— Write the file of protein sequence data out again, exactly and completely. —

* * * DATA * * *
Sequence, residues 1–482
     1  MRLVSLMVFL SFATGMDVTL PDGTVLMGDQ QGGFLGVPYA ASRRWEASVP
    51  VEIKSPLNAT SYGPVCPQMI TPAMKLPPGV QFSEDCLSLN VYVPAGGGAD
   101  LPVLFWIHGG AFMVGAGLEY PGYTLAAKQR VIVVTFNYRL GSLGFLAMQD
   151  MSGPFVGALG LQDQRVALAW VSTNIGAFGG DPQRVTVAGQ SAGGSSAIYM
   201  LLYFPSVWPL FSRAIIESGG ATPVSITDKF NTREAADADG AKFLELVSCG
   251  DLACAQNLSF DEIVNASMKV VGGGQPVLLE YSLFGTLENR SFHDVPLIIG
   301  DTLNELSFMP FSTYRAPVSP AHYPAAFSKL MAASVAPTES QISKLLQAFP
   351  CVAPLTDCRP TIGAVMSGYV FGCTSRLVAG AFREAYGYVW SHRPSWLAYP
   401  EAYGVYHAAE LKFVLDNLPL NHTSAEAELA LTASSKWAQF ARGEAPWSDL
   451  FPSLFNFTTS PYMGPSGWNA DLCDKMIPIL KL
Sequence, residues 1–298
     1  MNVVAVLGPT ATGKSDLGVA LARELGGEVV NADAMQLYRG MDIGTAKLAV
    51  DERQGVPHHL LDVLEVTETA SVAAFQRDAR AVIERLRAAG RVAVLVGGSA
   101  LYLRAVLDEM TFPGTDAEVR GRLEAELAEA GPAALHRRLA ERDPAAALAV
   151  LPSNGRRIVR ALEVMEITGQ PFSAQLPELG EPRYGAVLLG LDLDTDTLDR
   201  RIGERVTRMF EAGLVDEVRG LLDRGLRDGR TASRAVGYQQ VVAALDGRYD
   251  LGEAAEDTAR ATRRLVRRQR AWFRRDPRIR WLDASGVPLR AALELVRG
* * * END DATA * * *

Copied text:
Sequence, residues 1–482
     1  MRLVSLMVFL SFATGMDVTL PDGTVLMGDQ QGGFLGVPYA ASRRWEASVP
    51  VEIKSPLNAT SYGPVCPQMI TPAMKLPPGV QFSEDCLSLN VYVPAGGGAD
   101  LPVLFWIHGG AFMVGAGLEY PGYTLAAKQR VIVVTFNYRL GSLGFLAMQD
   151  MSGPFVGALG LQDQRVALAW VSTNIGAFGG DPQRVTVAGQ SAGGSSAIYM
   201  LLYFPSVWPL FSRAIIESGG ATPVSITDKF NTREAADADG AKFLELVSCG
   251  DLACAQNLSF DEIVNASMKV VGGGQPVLLE YSLFGTLENR SFHDVPLIIG
   301  DTLNELSFMP FSTYRAPVSP AHYPAAFSKL MAASVAPTES QISKLLQAFP
   351  CVAPLTDCRP TIGAVMSGYV FGCTSRLVAG AFREAYGYVW SHRPSWLAYP
   401  EAYGVYHAAE LKFVLDNLPL NHTSAEAELA LTASSKWAQF ARGEAPWSDL
   451  FPSLFNFTTS PYMGPSGWNA DLCDKMIPIL KL
Sequence, residues 1–298
     1  MNVVAVLGPT ATGKSDLGVA LARELGGEVV NADAMQLYRG MDIGTAKLAV
    51  DERQGVPHHL LDVLEVTETA SVAAFQRDAR AVIERLRAAG RVAVLVGGSA
   101  LYLRAVLDEM TFPGTDAEVR GRLEAELAEA GPAALHRRLA ERDPAAALAV
   151  LPSNGRRIVR ALEVMEITGQ PFSAQLPELG EPRYGAVLLG LDLDTDTLDR
   201  RIGERVTRMF EAGLVDEVRG LLDRGLRDGR TASRAVGYQQ VVAALDGRYD
   251  LGEAAEDTAR ATRRLVRRQR AWFRRDPRIR WLDASGVPLR AALELVRG